1

This sentence was asked in an exam. They asked for substituting correct word in place of will in the following sentence,

"If he has time he will telephone."
(A) Would
(B) Could
(C) Might
(D) No error

What I think is that the question itself is wrong because the sentences a conditional and hypothetical sentence and as far as I know from my other post in these type of sentences we always use past form of has.

The question should be,

If he had time he will telephone.

Please explain am I right?

  • "If he has time he will telephone" is a correct sentence, because of its conditional formation. – s k pandey Mar 2 '17 at 13:53
1

That's kind of a misleading question because there are two correct answers.

The sentence as it stands is correct, so D) would be right.

However, if you replace will with might it is still correct:

If he has time, he might telephone.

Using "will" has a sense of certainty - you know for sure he will call if he has time. If you are less sure, "might" is the correct word to use - you are not sure if he will call, even if he does have time.

As for your suggested correction, that is not right. You are mixing past and future in the same sentence. "Had" is past-tense. The sentence would be:

If he had time he would have telephoned.

  • I didn't know that the question is wrong in having multiple correct options. – user31782 Aug 21 '15 at 19:39
1

If he has time, he will telephone.

There's nothing wrong with the sentence grammatically. It's conditional 1 sentence that refers to the possibility of an action or event in the future if the condition in the if-clause is fulfilled.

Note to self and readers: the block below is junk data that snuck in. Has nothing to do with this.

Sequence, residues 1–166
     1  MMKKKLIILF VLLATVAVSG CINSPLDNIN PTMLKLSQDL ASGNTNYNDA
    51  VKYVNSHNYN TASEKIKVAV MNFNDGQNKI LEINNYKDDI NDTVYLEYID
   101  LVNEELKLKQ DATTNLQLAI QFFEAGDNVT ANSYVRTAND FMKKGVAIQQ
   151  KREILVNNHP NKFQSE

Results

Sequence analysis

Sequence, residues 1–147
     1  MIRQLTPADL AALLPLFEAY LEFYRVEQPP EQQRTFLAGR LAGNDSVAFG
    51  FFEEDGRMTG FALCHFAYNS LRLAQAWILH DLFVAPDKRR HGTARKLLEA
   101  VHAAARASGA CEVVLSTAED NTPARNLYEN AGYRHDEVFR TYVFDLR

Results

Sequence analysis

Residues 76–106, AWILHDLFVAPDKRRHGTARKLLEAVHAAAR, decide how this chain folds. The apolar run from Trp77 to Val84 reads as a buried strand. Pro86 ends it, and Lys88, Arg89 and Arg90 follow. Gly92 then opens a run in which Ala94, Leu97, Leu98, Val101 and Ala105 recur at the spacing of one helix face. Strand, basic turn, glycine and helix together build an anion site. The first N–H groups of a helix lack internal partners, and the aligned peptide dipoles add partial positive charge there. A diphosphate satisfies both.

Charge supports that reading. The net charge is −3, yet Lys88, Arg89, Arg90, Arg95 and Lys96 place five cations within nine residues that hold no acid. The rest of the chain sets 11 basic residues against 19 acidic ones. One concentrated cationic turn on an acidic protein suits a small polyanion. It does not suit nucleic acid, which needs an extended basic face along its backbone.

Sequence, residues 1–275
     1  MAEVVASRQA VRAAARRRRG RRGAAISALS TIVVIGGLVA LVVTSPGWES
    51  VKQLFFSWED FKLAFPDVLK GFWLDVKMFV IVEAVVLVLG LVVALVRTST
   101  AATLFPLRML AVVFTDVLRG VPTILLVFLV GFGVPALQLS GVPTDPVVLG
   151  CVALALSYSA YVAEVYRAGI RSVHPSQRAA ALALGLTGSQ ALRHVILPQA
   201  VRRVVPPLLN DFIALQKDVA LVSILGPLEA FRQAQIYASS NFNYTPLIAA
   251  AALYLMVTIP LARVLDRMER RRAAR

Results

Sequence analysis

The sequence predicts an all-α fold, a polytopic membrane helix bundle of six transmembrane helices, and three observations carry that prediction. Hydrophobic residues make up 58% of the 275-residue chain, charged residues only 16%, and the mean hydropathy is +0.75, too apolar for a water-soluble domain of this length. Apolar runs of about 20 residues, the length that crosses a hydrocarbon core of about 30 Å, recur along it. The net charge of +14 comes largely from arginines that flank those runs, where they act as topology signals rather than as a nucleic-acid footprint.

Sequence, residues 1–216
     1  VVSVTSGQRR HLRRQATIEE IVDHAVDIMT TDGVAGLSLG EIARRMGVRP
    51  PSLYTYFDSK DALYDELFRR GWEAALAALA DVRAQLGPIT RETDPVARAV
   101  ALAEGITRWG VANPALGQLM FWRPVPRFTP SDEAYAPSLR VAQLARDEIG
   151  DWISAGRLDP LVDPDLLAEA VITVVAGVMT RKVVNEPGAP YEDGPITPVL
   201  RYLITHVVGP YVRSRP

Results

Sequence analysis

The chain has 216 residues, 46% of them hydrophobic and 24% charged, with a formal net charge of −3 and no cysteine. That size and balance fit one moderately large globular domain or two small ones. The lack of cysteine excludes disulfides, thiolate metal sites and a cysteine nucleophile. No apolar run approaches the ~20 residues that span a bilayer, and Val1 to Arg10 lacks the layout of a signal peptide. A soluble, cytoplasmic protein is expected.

As for the hypothetical sentences in the present and the past, they are formed as follows:

If he had time, he would telephone.

If he had had time, he would have telephoned.

1

The sentence as it stands is fine, because both condition and outcome are in the future. It is a possible condition, not a hypothetical one. He may or may not have time. If he does have time, he will call. (I don't like telephone as a verb, personally).

Text in brackets is to clarify meaning, not part of the sentence:

If he has time (e.g. next week), he will call (at that time)

Corollary:

If he does not have time, he will not call.

If you switch to past tense, you can't use will:

If he had time, he would have called. (he does not have time, and therefore did not call)

If I had time, I would call (but I do not have time, so will not call).

Your Answer

By clicking “Post Your Answer”, you agree to our terms of service, privacy policy and cookie policy

Not the answer you're looking for? Browse other questions tagged or ask your own question.